BOSTON (CBS) – The WBZ Cares Campaign continues for the month of October.

Each month, WBZ Newsradio 1030 highlights a worthy non-profit organization and tells the story of what it does for the community.

For the month of October, WBZ profiles “Learn to Cope”, a support organization, based in Taunton, offering education, resources, and peer support for families coping with a loved one addicted to opiates or other drugs.

Every day, 78 people in the U.S. die from an opiate overdose – 29 from heroin alone. Mark, himself a recovering addict, now leads support group meetings, and found help for his own family through “Learn to Cope”. His 25-year-old son is an addict as well, and his family was facing a tough situation.

“We were at a complete loss about what to do with my son, after his third suicide attempt, we were lost,” said Mark. “We were going to Al-Anon, which was teaching us how to take care of ourselves, but my kid was living in a tent behind us in the woods.”

But then they found help. “I went to my first Learn to Cope group and felt it was like Al-Anon on steroids,” Mark said. “It had a little more oomph to it, because they taught us how to take care of ourselves, so we then had the resources through “Learn to Cope”, to help him when he really needed it.”

Thanks to the support his family received, Mark’s son is now clean, and helping others.

“He stayed sober for three-and-a-half-years, had one relapse, and he’s been sober over a year now,” said Mark about his son. “I’m opening a sober home, he joined me. I’ve got three 12-step practitioners in a sober home now – with my son. So with “Learn to Cope”, (we’ve come) all the way full-circle, a few years later, with a kid who was basically dead on the streets.”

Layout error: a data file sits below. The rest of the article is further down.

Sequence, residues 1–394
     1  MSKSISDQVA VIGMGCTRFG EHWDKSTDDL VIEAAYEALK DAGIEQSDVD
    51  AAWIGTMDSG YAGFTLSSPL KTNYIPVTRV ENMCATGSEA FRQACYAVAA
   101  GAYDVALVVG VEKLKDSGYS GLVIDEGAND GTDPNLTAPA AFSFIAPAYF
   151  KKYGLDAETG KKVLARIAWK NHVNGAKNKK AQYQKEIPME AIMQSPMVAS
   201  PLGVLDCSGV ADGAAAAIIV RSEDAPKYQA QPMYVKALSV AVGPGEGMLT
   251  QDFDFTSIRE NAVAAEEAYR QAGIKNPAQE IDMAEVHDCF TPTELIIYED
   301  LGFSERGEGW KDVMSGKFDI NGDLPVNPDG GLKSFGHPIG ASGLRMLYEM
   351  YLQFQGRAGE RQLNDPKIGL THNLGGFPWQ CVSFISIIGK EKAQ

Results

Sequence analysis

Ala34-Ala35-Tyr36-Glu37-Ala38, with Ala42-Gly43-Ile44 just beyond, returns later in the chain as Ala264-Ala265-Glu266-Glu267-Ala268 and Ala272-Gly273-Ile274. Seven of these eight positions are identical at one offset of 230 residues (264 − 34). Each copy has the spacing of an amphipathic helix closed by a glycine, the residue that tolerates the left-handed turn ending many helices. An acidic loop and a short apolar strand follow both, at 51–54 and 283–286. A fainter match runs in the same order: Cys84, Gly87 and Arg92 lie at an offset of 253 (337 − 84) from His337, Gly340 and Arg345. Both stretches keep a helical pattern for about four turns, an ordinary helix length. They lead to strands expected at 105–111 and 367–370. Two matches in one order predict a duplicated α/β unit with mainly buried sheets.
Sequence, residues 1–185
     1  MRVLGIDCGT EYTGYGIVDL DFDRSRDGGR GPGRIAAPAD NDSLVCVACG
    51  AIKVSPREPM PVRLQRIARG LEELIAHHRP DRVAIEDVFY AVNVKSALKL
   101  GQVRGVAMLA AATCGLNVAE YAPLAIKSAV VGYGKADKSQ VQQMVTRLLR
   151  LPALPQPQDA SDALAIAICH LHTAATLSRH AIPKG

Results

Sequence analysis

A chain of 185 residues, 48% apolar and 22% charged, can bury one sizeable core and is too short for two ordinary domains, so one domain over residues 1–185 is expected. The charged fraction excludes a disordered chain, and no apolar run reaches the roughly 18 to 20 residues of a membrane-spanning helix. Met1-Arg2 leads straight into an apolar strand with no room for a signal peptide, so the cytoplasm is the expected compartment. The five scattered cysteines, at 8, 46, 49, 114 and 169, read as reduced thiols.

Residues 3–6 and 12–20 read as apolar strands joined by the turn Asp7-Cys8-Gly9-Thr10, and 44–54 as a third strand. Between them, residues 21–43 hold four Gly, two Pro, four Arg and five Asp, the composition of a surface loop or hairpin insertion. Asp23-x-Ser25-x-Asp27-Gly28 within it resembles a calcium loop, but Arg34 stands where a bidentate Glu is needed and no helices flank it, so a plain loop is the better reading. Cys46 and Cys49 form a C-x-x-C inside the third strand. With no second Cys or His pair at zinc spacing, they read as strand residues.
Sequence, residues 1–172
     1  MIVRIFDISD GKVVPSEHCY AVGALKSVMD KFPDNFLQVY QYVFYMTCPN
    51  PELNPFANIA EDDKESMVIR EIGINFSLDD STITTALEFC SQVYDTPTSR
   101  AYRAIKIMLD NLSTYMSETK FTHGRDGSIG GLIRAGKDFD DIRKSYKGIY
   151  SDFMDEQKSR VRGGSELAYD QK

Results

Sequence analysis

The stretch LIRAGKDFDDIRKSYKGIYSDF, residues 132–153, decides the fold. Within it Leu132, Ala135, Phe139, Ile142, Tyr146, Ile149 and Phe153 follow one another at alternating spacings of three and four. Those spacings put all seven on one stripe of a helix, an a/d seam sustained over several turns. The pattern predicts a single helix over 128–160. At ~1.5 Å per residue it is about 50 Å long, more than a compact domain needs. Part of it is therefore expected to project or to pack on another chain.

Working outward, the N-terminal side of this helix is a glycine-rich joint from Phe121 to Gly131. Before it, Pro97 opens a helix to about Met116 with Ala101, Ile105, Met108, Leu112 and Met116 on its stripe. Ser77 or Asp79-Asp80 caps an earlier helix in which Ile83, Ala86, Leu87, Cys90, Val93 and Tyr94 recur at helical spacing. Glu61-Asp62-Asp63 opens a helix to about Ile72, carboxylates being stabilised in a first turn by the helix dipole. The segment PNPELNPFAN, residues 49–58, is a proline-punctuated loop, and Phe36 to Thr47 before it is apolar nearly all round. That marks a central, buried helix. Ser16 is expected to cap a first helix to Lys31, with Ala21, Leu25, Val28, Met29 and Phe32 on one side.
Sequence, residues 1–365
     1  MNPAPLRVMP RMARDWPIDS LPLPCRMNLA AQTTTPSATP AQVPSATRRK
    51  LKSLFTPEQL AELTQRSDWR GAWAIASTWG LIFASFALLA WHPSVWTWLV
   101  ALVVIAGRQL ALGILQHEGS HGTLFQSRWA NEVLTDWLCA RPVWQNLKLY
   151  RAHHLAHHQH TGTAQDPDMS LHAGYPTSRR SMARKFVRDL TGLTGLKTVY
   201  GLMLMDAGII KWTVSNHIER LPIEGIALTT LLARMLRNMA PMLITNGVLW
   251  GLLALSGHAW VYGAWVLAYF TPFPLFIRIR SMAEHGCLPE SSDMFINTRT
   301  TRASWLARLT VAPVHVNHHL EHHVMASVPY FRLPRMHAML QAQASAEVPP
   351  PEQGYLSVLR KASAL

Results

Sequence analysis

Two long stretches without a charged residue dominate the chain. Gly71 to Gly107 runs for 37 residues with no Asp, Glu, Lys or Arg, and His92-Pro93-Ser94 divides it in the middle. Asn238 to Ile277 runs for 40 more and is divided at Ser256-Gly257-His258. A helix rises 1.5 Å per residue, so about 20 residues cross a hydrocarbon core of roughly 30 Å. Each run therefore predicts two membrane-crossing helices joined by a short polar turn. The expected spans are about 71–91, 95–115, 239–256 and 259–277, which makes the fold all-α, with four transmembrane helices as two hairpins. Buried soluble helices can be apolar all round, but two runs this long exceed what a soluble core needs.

Now Mark is a facilitator, giving back, and leading “Learn to Cope” support group meetings around the state. “If your kid’s doing good, go to your Al-Anon group, go to your ‘Learn to Cope’ group, and help the next person coming through the door,” Mark said. “That’s how people help each other. That’s how ‘Learn to Cope’ gets bigger and bigger all the time, because people want to help each other, and they want to fight this epidemic, and beat it.”

If you’d like to know more about Learn to Cope, or wish to make a donation, go to their website at

  1. Chuck Darwin says:

    “Every day, 78 people in the U.S. die from an opiate overdose …”

    Give it time. Sounds like a problem that will solve itself.

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